Data Encryption 101: The Quick Guide to Data Encryption Best Practices
You hear all the time about how important it is to encrypt data. But what does encryption actually mean? Which best practices should you follow when encrypting your data? Which tools are available for data encryption?
Keep reading for answers to these pressing data encryption questions.
What is data encryption?
Put simply, data encryption is a process that changes data from its original format into a new format. To translate it back, you typically need a special encryption key or code.
A very simple data encryption example involves taking every letter in a word and changing it to the letter that follows it in the alphabet, so that the word “dog” becomes “eqh,” for instance. In this case, the encryption key to unlock the encrypted data would be code that switches the letters back by moving them one place lower in the alphabet.
Obviously, it would not be very difficult in the example above for someone to guess how your encryption scheme works and reverse-engineer your encryption key.
But if your process for encrypting your data were much more complicated – if, for example, you used a complex set of rules to move letters around, inserted random data in various places and converted the letters differently depending on where they are located as well as which letters they are – you would end up with encrypted data that would be much harder for someone to decrypt unless they had an encryption key that could reverse your encryption process.
What is an encryption key?
An encryption key is used both to translate data into a scrambled, unreadable form, and to transfer it back.
There are different types of encryption keys and different ways to use them. If you use symmetric keys, you use the same key for both encrypting and decrypting data. Asymmetric encryption uses different keys for the encryption and decryption processes.
Which data can you encrypt?
Although not all data is the same, virtually all data can be encrypted. You can encrypt data while it is “at rest,” which means it is stored in a static location like a disk. You can also encrypt data “in motion,” such as when it is being transferred over the network. You can encrypt data on any type of operating system. You can encrypt data stored in file systems, as well as data stored on block data. You can encrypt data stored directly on a bare-metal server, as well as data in a virtual machine or on a virtual disk.
There are certain types of data that you would probably not want to encrypt, such as the data stored in /proc on a Linux server. This type of data should be secured in other ways (such as via file-level access control, in the case of /proc).
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Popular data encryption algorithms
The specific process that you use to encrypt and decrypt data is called an algorithm. Dozens of different encryption algorithms have been widely used in the last several decades, but the leading ones today include:
Although all of these data encryption algorithms can encrypt data in ways that meet most modern standards, they are not created equal. Some are better at encrypting certain types of data than others. They can also perform differently on different types of infrastructure; some algorithms might be faster if you have lots of memory but less CPU power, for instance, whereas others do better in CPU-rich environments. It is, therefore, a good idea to experiment with different encryption algorithms in order to see which ones best serve your needs.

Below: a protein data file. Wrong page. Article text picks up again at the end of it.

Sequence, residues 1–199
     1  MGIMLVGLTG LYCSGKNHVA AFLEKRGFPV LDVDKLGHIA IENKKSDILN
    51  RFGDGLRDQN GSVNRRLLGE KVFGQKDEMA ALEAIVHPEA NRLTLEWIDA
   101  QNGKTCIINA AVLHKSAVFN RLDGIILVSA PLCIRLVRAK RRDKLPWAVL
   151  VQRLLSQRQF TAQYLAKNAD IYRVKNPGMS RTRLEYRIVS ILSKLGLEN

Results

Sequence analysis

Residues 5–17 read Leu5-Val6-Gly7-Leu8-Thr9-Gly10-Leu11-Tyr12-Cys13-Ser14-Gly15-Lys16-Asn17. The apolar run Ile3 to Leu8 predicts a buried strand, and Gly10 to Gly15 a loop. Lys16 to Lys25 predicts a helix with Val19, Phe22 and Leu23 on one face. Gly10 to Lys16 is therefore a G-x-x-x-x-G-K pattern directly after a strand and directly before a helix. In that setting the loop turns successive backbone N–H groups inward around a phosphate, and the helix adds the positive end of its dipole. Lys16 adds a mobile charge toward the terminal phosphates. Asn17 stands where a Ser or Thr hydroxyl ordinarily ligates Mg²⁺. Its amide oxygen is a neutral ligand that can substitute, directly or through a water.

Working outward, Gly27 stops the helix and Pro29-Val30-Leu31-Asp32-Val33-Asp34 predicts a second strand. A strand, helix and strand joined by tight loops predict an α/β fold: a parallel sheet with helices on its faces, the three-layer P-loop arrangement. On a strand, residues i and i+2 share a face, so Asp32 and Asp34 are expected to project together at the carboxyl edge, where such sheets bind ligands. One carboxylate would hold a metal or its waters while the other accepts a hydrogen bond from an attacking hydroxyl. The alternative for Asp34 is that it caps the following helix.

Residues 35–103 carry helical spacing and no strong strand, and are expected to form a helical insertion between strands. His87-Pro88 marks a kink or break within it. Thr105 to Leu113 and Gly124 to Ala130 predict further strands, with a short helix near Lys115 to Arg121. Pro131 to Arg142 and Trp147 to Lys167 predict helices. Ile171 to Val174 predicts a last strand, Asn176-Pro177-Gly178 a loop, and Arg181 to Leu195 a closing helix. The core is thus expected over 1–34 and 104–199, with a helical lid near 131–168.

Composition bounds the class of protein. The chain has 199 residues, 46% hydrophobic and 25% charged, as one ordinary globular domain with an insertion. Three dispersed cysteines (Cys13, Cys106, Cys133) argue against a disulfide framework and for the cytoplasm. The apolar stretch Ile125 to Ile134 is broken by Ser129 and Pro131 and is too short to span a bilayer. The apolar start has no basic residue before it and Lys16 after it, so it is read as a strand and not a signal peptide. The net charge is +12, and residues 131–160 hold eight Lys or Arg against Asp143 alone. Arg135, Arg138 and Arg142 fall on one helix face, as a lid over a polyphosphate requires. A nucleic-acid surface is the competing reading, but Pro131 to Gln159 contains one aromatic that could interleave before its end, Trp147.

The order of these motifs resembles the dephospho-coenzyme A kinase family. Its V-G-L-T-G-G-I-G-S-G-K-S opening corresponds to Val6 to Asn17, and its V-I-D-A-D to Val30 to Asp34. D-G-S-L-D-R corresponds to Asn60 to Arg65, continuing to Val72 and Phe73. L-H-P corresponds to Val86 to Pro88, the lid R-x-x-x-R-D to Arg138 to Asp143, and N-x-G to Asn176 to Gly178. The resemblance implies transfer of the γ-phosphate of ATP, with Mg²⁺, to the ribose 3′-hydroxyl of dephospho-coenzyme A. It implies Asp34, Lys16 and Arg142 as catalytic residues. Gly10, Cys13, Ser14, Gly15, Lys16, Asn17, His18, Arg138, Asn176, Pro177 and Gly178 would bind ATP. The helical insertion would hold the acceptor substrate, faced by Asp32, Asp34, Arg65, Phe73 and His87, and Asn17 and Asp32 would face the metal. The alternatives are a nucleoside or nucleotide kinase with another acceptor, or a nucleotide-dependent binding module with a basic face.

Data encryption tools
Most encryption algorithms can be implemented by many different tools. In other words, there is no single, specific program you have to use if you want to encrypt data using, say, the AES algorithm. You can choose from lots of different implementations, depending on which operating system you use.
Like the different encryption algorithms, some encryption tools might be faster than others, and some are better at encrypting or decrypting certain types of data. Some excel at encrypting small volumes of data but are not as effective with large amounts of data, or vice versa. This means that when it comes to selecting specific encryption tools, you should also experiment with at least a few to see which ones best meet your needs.
Data encryption best practices
A complete guide to data encryption is beyond the scope of this 101-level article, but in general, the following principles are good to follow if you want to encrypt data securely and efficiently:
- Keep your encryption key secure! This should be exceedingly obvious, but it can be easy to make mistakes that allow unauthorized parties to access your data. For example, if you leave your encryption key in an unencrypted file on your PC, there is a good chance that someone could find it and wreak havoc. A few solutions could be to: separate the keys from the data, separate the duties and access limits of users, and rotate your keys on a schedule.
- Encrypt all types of sensitive data, no matter where they are stored or how unlikely you think someone is to find them. This should also be blatantly obvious, but if you follow IT security headlines, you know that lots of big-name companies have been breached simply because they left important data unencrypted and someone gained access to it. By encrypting your data, you make it much harder for someone who is able to breach your systems to do something bad.
- Assess data encryption performance. Effective data encryption entails not just making your data unreadable to unauthorized parties, but doing so in a way that uses resources efficiently. If it is taking too long or consuming too much CPU time and memory to encrypt your data, consider switching to a different algorithm or experimenting with settings in your data encryption tools.
For information on encryption for IBM i, read our eBook: IBM i Encryption 101